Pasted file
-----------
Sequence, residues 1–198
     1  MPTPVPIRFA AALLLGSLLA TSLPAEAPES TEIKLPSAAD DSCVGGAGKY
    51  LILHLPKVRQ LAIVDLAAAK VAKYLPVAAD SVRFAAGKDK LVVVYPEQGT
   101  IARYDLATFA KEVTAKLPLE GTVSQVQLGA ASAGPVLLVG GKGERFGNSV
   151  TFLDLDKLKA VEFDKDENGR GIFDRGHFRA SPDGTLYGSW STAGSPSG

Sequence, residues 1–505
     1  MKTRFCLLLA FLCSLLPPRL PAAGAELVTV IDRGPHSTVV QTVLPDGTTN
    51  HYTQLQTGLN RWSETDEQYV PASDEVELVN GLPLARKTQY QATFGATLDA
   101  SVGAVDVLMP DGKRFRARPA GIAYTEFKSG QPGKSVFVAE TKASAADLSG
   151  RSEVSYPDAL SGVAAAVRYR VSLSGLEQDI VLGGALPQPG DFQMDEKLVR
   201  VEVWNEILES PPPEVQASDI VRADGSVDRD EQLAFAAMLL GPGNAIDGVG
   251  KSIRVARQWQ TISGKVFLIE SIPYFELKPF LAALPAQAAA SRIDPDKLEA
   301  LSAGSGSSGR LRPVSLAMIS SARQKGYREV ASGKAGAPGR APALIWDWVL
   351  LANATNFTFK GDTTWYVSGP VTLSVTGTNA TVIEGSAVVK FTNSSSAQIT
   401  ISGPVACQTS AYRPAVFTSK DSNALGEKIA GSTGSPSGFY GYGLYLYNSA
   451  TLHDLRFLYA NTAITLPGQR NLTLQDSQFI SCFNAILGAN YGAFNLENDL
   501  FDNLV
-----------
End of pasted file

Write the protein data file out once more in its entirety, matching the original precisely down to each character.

Sequence, residues 1–198
     1  MPTPVPIRFA AALLLGSLLA TSLPAEAPES TEIKLPSAAD DSCVGGAGKY
    51  LILHLPKVRQ LAIVDLAAAK VAKYLPVAAD SVRFAAGKDK LVVVYPEQGT
   101  IARYDLATFA KEVTAKLPLE GTVSQVQLGA ASAGPVLLVG GKGERFGNSV
   151  TFLDLDKLKA VEFDKDENGR GIFDRGHFRA SPDGTLYGSW STAGSPSG

Sequence, residues 1–505
     1  MKTRFCLLLA FLCSLLPPRL PAAGAELVTV IDRGPHSTVV QTVLPDGTTN
    51  HYTQLQTGLN RWSETDEQYV PASDEVELVN GLPLARKTQY QATFGATLDA
   101  SVGAVDVLMP DGKRFRARPA GIAYTEFKSG QPGKSVFVAE TKASAADLSG
   151  RSEVSYPDAL SGVAAAVRYR VSLSGLEQDI VLGGALPQPG DFQMDEKLVR
   201  VEVWNEILES PPPEVQASDI VRADGSVDRD EQLAFAAMLL GPGNAIDGVG
   251  KSIRVARQWQ TISGKVFLIE SIPYFELKPF LAALPAQAAA SRIDPDKLEA
   301  LSAGSGSSGR LRPVSLAMIS SARQKGYREV ASGKAGAPGR APALIWDWVL
   351  LANATNFTFK GDTTWYVSGP VTLSVTGTNA TVIEGSAVVK FTNSSSAQIT
   401  ISGPVACQTS AYRPAVFTSK DSNALGEKIA GSTGSPSGFY GYGLYLYNSA
   451  TLHDLRFLYA NTAITLPGQR NLTLQDSQFI SCFNAILGAN YGAFNLENDL
   501  FDNLV